Inflation rate falls further with downward effects from bread and cereals

Inflation rate falls further with downward effects from bread and cereals

Food price inflation saw further falls over the year, with tobacco prices and petrol prices playing their part.

According to the latest inflation data for April from the Office for National Statistics, there was another large fall in annual inflation led by lower electricity and gas prices. The Consumer Prices Index (CPI) rose by 2.3% in the 12 months to April 2024, down from 3.2% in the 12 months to March.

“The prices of goods leaving factories have risen a little over the last year,” said ONS Chief Economist Grant Fitzner.

“Meanwhile, the prices of raw materials and fuels grew in the last month, though they remain below where they were a year ago.”

Large downward effects came from food and non-alcoholic beverages, where prices overall rose by 0.3% between March and April 2024, compared with a monthly rise of 1.4% a year ago. Prices have been relatively high but stable since early summer 2023, rising by around 2% between May 2023 and April 2024. This compares with a sharp rise of around 22% seen between March 2022 and May 2023.

The main downward effects came from a combination of bread and cereals, meat, dairy products, vegetables and soft drinks. Overall, downward effects came from eight of the 11 food and non-alcoholic beverages classes, the exceptions being oils and fats, fish and hot beverages.

Annual inflation rate for food and non-alcoholic beverages eases for 13th consecutive month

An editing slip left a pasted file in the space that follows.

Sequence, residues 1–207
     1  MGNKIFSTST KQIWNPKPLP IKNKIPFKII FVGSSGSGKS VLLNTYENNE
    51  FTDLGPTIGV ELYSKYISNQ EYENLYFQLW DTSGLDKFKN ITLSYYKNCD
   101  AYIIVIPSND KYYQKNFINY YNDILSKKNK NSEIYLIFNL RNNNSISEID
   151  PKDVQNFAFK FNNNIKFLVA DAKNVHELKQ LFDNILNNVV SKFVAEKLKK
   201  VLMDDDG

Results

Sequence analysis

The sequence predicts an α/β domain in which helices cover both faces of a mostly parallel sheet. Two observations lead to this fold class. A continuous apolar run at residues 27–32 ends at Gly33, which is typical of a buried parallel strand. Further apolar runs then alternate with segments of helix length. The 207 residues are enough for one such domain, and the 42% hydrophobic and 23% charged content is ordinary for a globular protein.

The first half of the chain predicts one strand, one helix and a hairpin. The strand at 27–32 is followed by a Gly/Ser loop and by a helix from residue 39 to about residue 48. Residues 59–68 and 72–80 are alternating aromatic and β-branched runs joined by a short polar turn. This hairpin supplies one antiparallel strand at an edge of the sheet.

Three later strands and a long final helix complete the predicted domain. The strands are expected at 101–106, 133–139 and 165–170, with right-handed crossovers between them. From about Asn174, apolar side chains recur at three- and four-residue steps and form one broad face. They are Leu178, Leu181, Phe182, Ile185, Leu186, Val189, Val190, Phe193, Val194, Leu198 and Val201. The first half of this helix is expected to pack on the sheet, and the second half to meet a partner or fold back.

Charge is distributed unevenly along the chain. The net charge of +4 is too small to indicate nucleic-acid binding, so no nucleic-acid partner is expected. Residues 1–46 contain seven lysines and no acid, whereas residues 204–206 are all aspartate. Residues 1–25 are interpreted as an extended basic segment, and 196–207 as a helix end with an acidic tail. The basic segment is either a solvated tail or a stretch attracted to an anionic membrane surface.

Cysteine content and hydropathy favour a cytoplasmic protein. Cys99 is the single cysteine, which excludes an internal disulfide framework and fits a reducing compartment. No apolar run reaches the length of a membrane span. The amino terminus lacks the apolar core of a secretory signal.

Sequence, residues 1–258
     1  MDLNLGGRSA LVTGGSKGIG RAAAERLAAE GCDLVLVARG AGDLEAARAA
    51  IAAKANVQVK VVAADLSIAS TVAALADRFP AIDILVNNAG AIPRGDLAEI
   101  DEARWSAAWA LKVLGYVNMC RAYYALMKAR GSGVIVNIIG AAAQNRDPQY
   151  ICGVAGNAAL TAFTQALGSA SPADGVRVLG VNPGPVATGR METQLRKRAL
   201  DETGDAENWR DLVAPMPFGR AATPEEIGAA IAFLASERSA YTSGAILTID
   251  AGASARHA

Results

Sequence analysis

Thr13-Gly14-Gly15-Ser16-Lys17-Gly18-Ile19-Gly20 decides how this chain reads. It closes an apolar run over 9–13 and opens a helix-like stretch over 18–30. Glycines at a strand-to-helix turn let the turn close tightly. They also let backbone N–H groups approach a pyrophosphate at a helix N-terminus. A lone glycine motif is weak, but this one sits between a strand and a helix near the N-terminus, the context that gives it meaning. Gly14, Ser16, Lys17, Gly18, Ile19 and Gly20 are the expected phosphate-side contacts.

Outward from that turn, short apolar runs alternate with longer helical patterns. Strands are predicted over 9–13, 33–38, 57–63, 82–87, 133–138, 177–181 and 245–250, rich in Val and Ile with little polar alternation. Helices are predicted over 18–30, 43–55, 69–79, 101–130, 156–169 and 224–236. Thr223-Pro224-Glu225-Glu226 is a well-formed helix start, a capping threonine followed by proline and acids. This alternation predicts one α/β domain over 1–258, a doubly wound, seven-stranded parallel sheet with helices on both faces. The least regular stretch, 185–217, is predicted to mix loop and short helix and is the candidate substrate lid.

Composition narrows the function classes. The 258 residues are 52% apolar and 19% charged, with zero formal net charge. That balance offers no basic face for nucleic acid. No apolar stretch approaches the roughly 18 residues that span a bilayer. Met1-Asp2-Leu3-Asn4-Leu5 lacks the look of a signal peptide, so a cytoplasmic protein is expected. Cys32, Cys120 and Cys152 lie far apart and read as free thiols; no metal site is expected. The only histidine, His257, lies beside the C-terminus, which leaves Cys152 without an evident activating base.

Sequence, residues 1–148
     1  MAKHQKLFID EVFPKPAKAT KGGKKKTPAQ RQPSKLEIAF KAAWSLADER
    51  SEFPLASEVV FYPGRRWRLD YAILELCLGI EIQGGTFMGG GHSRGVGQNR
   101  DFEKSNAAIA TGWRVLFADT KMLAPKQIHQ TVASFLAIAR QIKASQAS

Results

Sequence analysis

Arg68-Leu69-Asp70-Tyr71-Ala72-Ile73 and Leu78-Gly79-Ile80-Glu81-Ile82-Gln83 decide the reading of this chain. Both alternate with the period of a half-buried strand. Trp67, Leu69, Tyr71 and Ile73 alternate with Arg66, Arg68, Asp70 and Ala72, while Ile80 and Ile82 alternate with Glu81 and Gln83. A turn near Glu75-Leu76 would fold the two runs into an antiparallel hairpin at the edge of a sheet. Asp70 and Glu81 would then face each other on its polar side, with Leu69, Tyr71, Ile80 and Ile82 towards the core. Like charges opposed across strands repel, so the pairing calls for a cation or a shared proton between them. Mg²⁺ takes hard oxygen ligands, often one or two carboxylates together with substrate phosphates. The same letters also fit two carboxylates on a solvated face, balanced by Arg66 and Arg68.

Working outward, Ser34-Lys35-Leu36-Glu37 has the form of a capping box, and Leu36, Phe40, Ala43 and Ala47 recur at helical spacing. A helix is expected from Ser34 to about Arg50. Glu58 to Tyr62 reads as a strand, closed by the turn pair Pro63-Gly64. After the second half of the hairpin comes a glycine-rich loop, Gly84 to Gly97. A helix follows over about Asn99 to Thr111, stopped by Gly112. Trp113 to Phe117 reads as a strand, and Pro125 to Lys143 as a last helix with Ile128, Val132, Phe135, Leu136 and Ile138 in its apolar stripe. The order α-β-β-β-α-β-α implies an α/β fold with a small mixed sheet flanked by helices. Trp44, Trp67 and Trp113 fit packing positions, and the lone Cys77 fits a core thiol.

There were also large downward effects from alcoholic beverages and tobacco, where prices overall were little changed between March and April 2024, compared with a rise of 3.6% a year ago.

The main downward contribution came from tobacco, where prices rose by 0.8% in the month to April 2024, compared with a larger rise of 6.9% in April 2023. The rise in April 2023 was influenced by an increase in tobacco duty, while there was no rise in duty in April 2024.

Responding to the latest CPI inflation figures, Kris Hamer, Director of Insight at the British Retail Consortium said that retailers are playing a key part in bringing inflation down, but added it was vital that government policy supports this also.

“Retail plays a key role in every part of the country, from the smallest village to the largest city, employing millions of people and serving millions more,” said Kris Hamer.

“As the cost burden of new policies rise – from business rates to packaging taxes – this affects not just the businesses, but the customers too. With an election looming, it is vital that parties outline their support for customers and retailers through the upcoming manifesto.”